The Catherine B. Reynolds Foundation Series for Artistic Excellence
Jazz in Our Time All-Star Opening Night Concert and Award Ceremony
Mar 3, 2007 at 7:00 PM
Stage Director: John Vreeke
For the 2006–2007 season, the Kennedy Center will host a spectacular salute to a generation of extraordinary artists who have helped make jazz "America's greatest music." Over eight days in March, Jazz in Our Time will bring together an unprecedented number of jazz icons all under one roof. The celebration will begin with a special concert, hosted by James Earl Jones, to honor these Living Jazz Legends with a Kennedy Center award for their lifetime of contributions to the art form. Performances by some of these jazz stars will follow during the celebration, along with many other exciting events.
The festivities kick off with this once-in-a-lifetime all-star event hosted by Tony winner and Kennedy Center Honoree James Earl Jones. During the concert, more than 25 jazz luminaries will be honored with the Kennedy Center "Living Jazz Legend Award" (see below for recipients). Performers will include vocalist Nancy Wilson with the Clayton-Hamilton Jazz Orchestra, the Clayton Brothers Quintet, drummer T.S. Monk, violinist Regina Carter, and many others. Part of Jazz in Our Time.
Award recipients include:
Toshiko Akiyoshi, David Baker, Louie Bellson, Dave Brubeck, Donald Byrd, Ornette Coleman,
Paquito D'Rivera, Sir John Dankworth, Buddy DeFranco, Frank Foster, Curtis Fuller, Benny Golson,
Chico Hamilton, Barry Harris, Jimmy Heath, Jon Hendricks, Freddie Hubbard, Ahmad Jamal,
Al Jarreau, Hank Jones, Dame Cleo Laine, Michel Legrand, Abbey Lincoln, Wynton Marsalis,
Marian McPartland, James Moody, George Russell, Jimmy Scott, Dr. Billy Taylor, Cecil Taylor,
Clark Terry, Frank Wess, Gerald Wilson, Nancy Wilson, and Phil Woods.
Music That Gets Better With Time
Kennedy Center Spotlights Jazz Luminaries, Alive and Well
In August 1958, photographer Art Kane asked dozens of jazz musicians to meet on 126th Street in Harlem at, for them, the unholy hour of 10 a.m. "I didn't know there were two 10 o'clocks in the same day," one musician joked.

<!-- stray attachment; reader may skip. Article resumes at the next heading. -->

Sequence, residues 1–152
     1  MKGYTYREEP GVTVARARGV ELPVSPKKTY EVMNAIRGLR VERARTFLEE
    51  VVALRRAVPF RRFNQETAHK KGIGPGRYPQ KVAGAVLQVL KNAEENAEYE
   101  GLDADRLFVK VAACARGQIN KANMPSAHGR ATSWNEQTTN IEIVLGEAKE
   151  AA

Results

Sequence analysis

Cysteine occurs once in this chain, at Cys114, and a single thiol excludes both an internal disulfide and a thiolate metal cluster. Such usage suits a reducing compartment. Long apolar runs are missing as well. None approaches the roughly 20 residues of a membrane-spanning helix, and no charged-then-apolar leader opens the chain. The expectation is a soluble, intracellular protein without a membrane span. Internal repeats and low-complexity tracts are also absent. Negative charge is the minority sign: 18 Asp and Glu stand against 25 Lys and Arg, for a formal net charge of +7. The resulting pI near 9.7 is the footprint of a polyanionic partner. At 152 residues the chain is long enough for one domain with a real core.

After the picture Kane took was printed in Esquire in 1959, it was all but forgotten until 1994, when it was revived in Jean Bach's Oscar-nominated documentary, "A Great Day in Harlem." Today just seven of the 57 musicians in the photograph are still alive, and three of them -- saxophonist Benny Golson and pianists Marian McPartland and Hank Jones -- will be in Washington for an eight-day celebration, Jazz in Our Time, that begins tonight at the Kennedy Center.
It will stand as one of the city's most ambitious and illustrious jazz events ever. Golson, McPartland and Jones are scheduled to perform in the coming week and are among among 35 musicians who will receive Living Jazz Legend Awards at the kickoff gala. On March 10, Bach will present a special screening of her film about Kane's photograph, which has become a touchstone of music and memory.
"In retrospect," McPartland says, "that was the greatest jazz photograph ever."
By 1958, when such giants as Count Basie, Dizzy Gillespie, Thelonious Monk, Mary Lou Williams, Charles Mingus, Coleman Hawkins and Lester Young gathered on that Harlem street, jazz was already being replaced in the public imagination by the loud, rebellious sounds of rock-and-roll. Yet in spite of its shrinking slice of the market, jazz continues to endure, seemingly of its own will. One secret of its survival may be that jazz is an exception to our culture's obsession with youth. It is an art form in which age brings mastery.
That's why pianist Billy Taylor, artistic adviser to the Kennedy Center, and Michael Kaiser, the center's president, decided to honor some notable creators of the music while they're still with us. Among the legends being feted are saxophonists Ornette Coleman and James Moody; trumpeters Freddie Hubbard and Clark Terry; pianists Dave Brubeck, Barry Harris and Ahmad Jamal; and singers Jon Hendricks, Cleo Laine, Abbey Lincoln and Nancy Wilson.
"The Kennedy Center has never had anything of this scope for this length of time," says Kevin A. Struthers, the center's manager of jazz programming. "This is a one-time-only celebration."
When the honorees were young, jazz was almost an outlaw music, scorned by adults and academics. It took an act of rebellion, or at least a blind leap of faith, for Golson, McPartland and Jones to pursue the jazz life. If they followed different paths, there is one thing on which they all agree: They didn't choose jazz -- jazz chose them.